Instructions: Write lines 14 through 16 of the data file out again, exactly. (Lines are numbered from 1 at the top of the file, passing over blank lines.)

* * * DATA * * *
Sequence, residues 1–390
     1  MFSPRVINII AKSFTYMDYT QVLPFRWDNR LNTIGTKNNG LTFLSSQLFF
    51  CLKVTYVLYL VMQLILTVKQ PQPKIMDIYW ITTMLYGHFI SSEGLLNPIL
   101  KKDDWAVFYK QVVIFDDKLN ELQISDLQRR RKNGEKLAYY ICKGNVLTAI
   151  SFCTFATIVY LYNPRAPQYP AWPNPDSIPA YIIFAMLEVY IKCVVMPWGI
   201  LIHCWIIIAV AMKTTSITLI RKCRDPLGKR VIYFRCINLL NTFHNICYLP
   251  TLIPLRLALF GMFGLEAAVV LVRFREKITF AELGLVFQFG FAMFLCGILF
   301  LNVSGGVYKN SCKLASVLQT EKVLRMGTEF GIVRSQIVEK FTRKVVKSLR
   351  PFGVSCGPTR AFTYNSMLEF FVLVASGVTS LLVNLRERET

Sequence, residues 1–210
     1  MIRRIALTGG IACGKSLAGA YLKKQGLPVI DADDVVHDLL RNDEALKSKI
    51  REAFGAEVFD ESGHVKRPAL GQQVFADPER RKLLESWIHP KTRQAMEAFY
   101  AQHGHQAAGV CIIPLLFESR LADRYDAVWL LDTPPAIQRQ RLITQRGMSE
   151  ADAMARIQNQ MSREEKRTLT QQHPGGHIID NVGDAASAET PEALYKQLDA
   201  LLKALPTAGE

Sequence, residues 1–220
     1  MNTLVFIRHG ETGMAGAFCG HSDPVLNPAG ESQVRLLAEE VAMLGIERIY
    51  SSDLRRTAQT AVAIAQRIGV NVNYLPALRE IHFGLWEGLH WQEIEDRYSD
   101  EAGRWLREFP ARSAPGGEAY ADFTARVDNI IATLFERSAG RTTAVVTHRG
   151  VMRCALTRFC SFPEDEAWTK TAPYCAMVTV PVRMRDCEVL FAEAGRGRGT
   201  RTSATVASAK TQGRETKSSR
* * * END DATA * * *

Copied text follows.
   151  ADAMARIQNQ MSREEKRTLT QQHPGGHIID NVGDAASAET PEALYKQLDA
   201  LLKALPTAGE

Sequence, residues 1–220